This past weekend allowed me the chance to check out the Pacific Southwest Railway Museum with a fellow photographer with the hopes of capturing some fascinating photos. Arriving early in the morning, we were greeted by a warm sun and cool air.
Originally we were planning on riding in the passenger car, but we realized that since the cab ride hadn’t sold out this would be a great opportunity to get ourselves up in the diesel electric cab for our train ride.
After the conductor, who was appropriately dressed, called out, “all aboard!” we hopped on-board the cab and met the train engineer who would be our guide. Built during WW2 in the 40’s and weighing in at only 80,000 tons, the diesel-electric engine we were boarding was not one of the larger engines available.
As our ride got started we began to spot signs of the ever looming rusted stripe jutting through the distant hills. We quickly realized that this was the infamous border fence separating us from Mexico. I asked how close to the border we would be getting. To my surprise I discovered that at the end of the first leg of the trip we would enter a tunnel that had a line delineating the border painted across it on the ground. “The line must be drawn here! This far, no further!” floated through my mind. All that I needed was for us to cross a trestle bridge and my day would be complete I thought to myself.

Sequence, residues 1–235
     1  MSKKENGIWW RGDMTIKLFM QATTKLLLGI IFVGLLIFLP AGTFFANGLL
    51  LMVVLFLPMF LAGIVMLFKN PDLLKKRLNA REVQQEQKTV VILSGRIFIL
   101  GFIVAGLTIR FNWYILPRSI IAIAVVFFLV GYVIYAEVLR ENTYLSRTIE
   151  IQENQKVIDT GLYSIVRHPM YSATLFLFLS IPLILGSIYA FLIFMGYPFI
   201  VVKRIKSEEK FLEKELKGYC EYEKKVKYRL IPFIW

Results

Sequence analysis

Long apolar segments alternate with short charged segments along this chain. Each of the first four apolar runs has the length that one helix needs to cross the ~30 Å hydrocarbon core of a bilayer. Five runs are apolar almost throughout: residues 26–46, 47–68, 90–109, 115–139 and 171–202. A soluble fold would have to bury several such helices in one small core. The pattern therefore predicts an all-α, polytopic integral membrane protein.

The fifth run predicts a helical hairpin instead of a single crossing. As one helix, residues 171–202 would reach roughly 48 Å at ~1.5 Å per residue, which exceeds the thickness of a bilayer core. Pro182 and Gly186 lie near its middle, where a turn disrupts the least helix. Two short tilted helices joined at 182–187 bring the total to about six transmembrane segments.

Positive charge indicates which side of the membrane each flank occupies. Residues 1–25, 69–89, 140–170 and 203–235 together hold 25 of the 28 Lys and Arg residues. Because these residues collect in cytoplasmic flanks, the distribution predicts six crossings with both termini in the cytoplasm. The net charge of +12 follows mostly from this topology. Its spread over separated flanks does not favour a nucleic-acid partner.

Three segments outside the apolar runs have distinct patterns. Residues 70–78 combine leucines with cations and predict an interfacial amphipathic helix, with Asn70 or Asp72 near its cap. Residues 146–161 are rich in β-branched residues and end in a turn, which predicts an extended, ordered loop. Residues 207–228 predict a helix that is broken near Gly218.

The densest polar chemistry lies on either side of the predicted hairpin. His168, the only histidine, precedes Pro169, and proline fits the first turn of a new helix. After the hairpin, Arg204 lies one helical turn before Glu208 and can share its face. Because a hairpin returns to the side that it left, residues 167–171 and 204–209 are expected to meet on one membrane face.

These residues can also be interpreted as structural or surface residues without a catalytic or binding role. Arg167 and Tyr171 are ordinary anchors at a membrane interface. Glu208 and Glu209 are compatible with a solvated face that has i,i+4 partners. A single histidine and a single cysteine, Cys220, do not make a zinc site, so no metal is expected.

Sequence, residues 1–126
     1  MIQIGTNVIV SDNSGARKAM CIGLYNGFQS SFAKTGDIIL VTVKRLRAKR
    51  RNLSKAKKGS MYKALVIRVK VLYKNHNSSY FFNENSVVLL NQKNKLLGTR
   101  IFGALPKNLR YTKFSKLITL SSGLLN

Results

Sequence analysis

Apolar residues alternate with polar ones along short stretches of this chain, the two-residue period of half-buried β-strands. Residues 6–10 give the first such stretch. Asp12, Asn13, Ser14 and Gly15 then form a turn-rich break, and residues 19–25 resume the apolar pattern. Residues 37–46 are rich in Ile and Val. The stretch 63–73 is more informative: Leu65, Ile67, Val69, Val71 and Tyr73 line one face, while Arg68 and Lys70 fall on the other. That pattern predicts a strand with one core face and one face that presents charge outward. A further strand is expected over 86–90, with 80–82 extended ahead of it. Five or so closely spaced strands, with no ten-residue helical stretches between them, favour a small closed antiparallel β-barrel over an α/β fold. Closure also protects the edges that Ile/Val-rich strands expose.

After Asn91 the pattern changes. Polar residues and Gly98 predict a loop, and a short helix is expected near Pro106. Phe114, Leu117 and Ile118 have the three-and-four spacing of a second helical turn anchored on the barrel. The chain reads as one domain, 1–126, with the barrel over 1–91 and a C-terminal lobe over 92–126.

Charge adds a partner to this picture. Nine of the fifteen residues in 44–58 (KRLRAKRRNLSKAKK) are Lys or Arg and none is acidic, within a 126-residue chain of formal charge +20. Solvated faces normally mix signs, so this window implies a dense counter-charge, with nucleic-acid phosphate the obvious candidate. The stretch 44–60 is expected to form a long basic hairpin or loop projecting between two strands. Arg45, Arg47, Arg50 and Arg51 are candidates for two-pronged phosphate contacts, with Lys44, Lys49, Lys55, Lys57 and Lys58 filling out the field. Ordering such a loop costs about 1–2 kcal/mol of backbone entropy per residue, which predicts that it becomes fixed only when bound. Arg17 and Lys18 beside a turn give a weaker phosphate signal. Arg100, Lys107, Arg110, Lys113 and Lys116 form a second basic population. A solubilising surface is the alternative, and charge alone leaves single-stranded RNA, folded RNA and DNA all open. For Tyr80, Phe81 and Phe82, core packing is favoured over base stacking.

About half-way through the journey the Pacific Crest Trail was pointed out to us. At 2,650 miles it spans from Mexico to Canada by way of California, Oregon, and Washington. Timing is important as you need to make it through the Sierra Nevada without the snow and before it gets too hot if you want to make the trip in one go.
We began our final approach to the tunnel when I was instructed to peer over the edge. Low and behold, a trestle bridge! Built in 1915 back when there was nothing here, it would soon carry us across the tunnel and the border. In the distance, we spotted the bright white and green of the border patrol who graced us with his presence for our scheduled arrival.
After only the briefest of seconds stopped in the tunnel we began to reverse direction began the journey back to the railway museum. The train operator asked us if we would like blow the whistle as we passed by several of the crossings on the way back. Would we? Most definitely. He told us the pattern. Long, long, short, and long. Easy, right? My pal didn’t do quite so hot in the rhythm department. I did moderately better and we soared through the crossings without much of an incident.
Making it back to the museum we spent the rest of the time squeezing past trains and hopping on the tracks to see some of the Western freight history of the US.